Those nice folks at Princeton University Press sent me copies of Sterry & Small’s two new photographic bird guides (Birds of Western North America and Birds of Eastern North America ) and I must say I’m impressed.
I’ve been bird watching (in Europe and the US) for over thirty years and as much as I like my Sibley, I’ve always had a soft-spot for photographic guides and these guides are exemplary. While they don’t cover every species or variant, they offer relatively large and clear photos of many of the species that an intermediate birder is likely to encounter in North America. Two or three species are covered in in each two-page spread with information on the left-hand side and beautiful, clear, photographs on the right. Clear up-to-date distribution maps are provided using data from the Cornell Laboratory of Ornithology. The text offers observation guidelines, voice descriptions, information on status and habitat, as well as observation tips which often direct the reader to specific areas and locales to maximize their chance of observation. Some of these tips are somewhat wry – we are, for example, told that pigeons are “a positive benefit to urban Peregrine Falcons”!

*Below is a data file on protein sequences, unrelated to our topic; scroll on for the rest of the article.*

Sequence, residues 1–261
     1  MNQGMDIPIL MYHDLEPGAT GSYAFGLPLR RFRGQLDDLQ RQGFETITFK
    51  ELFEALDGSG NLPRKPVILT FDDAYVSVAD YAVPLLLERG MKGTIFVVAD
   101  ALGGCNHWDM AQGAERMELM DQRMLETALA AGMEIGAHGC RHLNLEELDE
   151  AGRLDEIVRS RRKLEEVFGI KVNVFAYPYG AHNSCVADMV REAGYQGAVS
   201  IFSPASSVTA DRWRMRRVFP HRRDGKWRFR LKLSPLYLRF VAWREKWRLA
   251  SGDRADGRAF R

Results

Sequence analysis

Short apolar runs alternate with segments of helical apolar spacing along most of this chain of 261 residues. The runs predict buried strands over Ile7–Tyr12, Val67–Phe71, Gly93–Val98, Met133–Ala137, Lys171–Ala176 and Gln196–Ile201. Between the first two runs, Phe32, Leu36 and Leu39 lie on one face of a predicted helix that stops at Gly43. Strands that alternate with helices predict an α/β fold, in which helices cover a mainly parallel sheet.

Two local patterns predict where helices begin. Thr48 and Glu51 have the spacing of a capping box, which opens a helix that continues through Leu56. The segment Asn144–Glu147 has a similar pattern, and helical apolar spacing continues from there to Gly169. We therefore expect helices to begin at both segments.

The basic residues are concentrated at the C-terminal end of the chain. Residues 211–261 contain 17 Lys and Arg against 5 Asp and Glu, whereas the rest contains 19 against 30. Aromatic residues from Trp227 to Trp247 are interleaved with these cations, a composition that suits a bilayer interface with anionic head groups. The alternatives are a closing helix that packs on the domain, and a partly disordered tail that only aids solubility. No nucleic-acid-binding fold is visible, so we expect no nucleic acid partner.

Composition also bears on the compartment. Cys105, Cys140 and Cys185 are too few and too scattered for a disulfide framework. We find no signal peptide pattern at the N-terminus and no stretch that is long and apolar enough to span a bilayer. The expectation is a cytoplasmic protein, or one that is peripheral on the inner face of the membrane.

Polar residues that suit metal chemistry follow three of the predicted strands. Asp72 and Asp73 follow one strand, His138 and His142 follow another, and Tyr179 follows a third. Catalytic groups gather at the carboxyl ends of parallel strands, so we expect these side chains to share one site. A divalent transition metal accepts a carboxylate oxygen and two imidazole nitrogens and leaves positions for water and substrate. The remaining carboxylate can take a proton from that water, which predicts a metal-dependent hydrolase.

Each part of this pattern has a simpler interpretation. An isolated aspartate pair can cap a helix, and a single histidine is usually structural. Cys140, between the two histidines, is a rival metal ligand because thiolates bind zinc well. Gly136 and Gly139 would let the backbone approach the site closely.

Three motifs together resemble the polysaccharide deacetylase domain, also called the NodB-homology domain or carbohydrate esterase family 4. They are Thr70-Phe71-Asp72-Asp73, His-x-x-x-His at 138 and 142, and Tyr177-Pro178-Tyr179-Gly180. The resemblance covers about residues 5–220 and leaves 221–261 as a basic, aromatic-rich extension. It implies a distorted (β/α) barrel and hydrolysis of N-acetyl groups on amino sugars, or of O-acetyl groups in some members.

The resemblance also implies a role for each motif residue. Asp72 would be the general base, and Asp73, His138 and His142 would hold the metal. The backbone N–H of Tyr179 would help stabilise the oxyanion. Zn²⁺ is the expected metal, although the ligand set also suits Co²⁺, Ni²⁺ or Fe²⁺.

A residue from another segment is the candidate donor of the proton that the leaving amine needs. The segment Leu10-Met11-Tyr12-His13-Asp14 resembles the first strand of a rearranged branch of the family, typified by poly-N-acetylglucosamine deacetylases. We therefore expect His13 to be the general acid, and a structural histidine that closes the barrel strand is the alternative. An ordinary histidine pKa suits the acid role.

I have always felt that a vital first step in birdwatching is to familiarize yourself with the shape, color and form of the species in an area before going into the field. These guides are a wonderful tool for just that, and they are a pleasure to browse. As I haven’t yet used them in the field, I cannot comment on their utility, but I do intend to keep them in my car for use as I travel across this country. Highly recommended even if you don’t intend to actively watch for birds.